Summary: Is it really all about the ‘trimmings’? Or is there something more to the day?
Word Count: 1700
“Hop Sing!” Ben Cartwright bellowed melodiously and flinching only slightly as the glass case of the grandfather clock imploded into a thousand pieces. He tapped the banjo barometer meditatively, but as usual it registered “fair”. The weather on the Ponderosa was always pleasant, he thought, and flashed a grateful smile to the boys in Production. Save for the odd winter episode like The Last Hunt, the sun always shone, it was usually warm enough for at least one member of the family to waltz around in shirt sleeves.
Hop Sing shuffled through. Yet again, Wardrobe had supplied him with slippers that were two sizes too big for him. He clutched a pile of cloths, which he was halfway through hemming neatly. In a busy and accident-prone household, there was always a great demand for Hop Sing’s handy cloths, which were utilized to staunch wounds, mop down feverish invalids or even act as a sling.
“It’ll be Thanksgiving soon,” Ben announced. “Is the turkey fattening up nicely?”
Hop Sing looked blank. Once again he had mysteriously disappeared for several episodes and he was still wondering how the Cartwrights had managed to fend for themselves in his absence. Not only did they have an enormous cattle ranch to tend, there was the small matter of their horse breaking operations, mining interests, and timber felling and preparation. Yet somehow, miraculously, the Cartwrights managed to find the time to keep the house clean and tidy and produce nutritious meals at the same time. Not to mention forming posses, acting as deputy sheriffs and generally being the mainstays of law and order.
“What turkey?” Hop Sing asked.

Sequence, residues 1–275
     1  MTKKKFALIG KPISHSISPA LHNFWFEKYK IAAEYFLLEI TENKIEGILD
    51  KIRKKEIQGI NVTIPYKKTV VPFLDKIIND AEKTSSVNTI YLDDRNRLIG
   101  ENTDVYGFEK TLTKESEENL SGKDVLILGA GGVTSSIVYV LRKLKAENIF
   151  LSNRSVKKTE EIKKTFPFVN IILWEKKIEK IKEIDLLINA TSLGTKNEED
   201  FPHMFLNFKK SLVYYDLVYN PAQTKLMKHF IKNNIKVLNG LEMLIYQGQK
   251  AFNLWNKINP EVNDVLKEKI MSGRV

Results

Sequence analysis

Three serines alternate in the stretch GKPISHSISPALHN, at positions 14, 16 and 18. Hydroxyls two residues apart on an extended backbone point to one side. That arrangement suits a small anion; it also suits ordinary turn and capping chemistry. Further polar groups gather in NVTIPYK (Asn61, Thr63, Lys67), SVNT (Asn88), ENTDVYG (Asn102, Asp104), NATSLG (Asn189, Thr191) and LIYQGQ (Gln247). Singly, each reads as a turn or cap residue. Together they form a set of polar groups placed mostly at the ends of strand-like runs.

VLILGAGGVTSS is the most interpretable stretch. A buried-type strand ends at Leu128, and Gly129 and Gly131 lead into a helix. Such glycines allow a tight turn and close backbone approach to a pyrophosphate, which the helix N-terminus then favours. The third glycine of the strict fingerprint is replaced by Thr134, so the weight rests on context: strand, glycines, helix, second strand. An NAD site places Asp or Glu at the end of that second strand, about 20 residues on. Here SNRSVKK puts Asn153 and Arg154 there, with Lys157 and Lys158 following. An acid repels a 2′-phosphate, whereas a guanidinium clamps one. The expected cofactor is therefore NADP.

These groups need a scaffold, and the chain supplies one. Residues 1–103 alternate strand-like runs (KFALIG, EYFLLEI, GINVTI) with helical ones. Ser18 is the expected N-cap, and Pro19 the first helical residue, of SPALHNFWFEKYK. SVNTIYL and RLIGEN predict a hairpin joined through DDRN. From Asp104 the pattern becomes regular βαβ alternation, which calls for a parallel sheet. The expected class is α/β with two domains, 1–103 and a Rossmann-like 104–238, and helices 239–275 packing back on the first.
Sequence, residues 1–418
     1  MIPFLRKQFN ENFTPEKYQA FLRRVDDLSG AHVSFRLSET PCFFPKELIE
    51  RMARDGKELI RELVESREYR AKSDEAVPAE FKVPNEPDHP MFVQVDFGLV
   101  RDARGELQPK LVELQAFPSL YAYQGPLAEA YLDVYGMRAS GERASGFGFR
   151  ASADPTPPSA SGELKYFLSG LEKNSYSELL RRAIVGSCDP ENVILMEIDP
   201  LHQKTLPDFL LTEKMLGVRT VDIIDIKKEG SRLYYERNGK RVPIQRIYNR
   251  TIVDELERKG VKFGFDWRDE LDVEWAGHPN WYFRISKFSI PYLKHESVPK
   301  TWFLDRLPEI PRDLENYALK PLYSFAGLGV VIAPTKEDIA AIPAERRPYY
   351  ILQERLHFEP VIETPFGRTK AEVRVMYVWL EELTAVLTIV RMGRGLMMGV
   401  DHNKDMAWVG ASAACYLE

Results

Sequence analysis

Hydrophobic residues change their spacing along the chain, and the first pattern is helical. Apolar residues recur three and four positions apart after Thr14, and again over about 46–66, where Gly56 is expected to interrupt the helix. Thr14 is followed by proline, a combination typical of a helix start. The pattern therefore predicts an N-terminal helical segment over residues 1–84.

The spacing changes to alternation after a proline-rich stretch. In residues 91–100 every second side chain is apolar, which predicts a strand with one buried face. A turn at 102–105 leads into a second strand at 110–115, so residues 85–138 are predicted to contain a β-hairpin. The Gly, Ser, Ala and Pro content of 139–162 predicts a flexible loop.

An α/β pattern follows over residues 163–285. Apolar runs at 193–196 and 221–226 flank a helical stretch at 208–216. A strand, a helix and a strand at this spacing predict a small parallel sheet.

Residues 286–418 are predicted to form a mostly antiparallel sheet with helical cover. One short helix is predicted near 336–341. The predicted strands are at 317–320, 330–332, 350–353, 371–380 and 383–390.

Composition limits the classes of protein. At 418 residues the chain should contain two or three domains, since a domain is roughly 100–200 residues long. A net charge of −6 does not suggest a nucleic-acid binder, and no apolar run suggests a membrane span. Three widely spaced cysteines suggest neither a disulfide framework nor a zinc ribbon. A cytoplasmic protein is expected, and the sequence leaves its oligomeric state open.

“The turkey we are going to have for Thanksgiving!” Ben explained patiently. And to think they wondered why he had grey hair! An awful thought struck him. “We do have a turkey, don’t we?”
“No.” Short, succinct and to the point. Hop Sing knew he was never going to rise to the heady ranks of star or even guest star, so he had dispensed with any unnecessary frills or furbelows.
Now that Ben thought about it, delicious haunches of meat just appeared on the dinner table as if by magic. While he had seen the occasional chicken around the place, there was no sign of the magical pigs that obligingly supplied the household with a never-ending series of pork chops. And neither Hoss nor Joe had been especially keen on eating the rabbits reared in Ponderosa Explosion.
“No turkey?” Ben’s voice dropped to a mere whisper, thus alerting viewers to the fact that this was indeed a calamity.
Hoss had overheard the conversation and barreled forward “But we have to have turkey! It’s in the Constitution, isn’t it: the right to bear arms and eat vast amounts of turkey and cranberry sauce and mashed potatoes and…”
“We’re not talking about your constitution here,” Adam told him. “And anyway, its tradition that insists we ought to have turkey on Thanksgiving.”
“And you know the reason why, don’t you?” Joe asked, in a long-suffering tone. The Giggly Sisters waited with baited breath to see if Adam really did know why they ate turkey.
“Yes, of course,” Adam snorted. He buried his head back in his book.
“I don’t care why we eats turkey,” Hoss cried, thus saving Adam from a grilling by the sisters, who knew everything. “I jist want to know why we ain’t got a turkey this year.”
“Nobody told me we were doing a Thanksgiving episode this year,” Hop Sing defended himself. “How was I supposed to know?”
“By looking at the calendar?” suggested the blonde. Her calendar had Thanksgiving marked on it, even though it was a UK one.
“What are we going to do?” Hoss lamented. “It ain’t Thanksgiving without a turkey.”
This was indeed a calamity. Hop Sing gave them all a dark look and retreated back into the safety of the kitchen. Although seen quite clearly in exterior shots, for some reason the viewers were only allowed a rare glimpse into this room. Signor Biancci had done an admirable job of whipping up delicacies during Little Man Ten Feet Tall, Hoss had filched some doughnuts during Feet of Clay and of course, Joe had suffered quite wonderfully during A Matter of Circumstance, but these were clearly standout episodes. Normally, the interior of the kitchen existed in a parallel universe, accompanied by the bunkhouse.
Muttering to himself, Hop Sing stirred the ever-present pot of broth that bubbled away on the stove. That was one of the unshakeable rules of the Ponderosa: there must always be broth on the boil, just in case of an unfortunate accident befalling one of the Cartwrights. As they regularly did.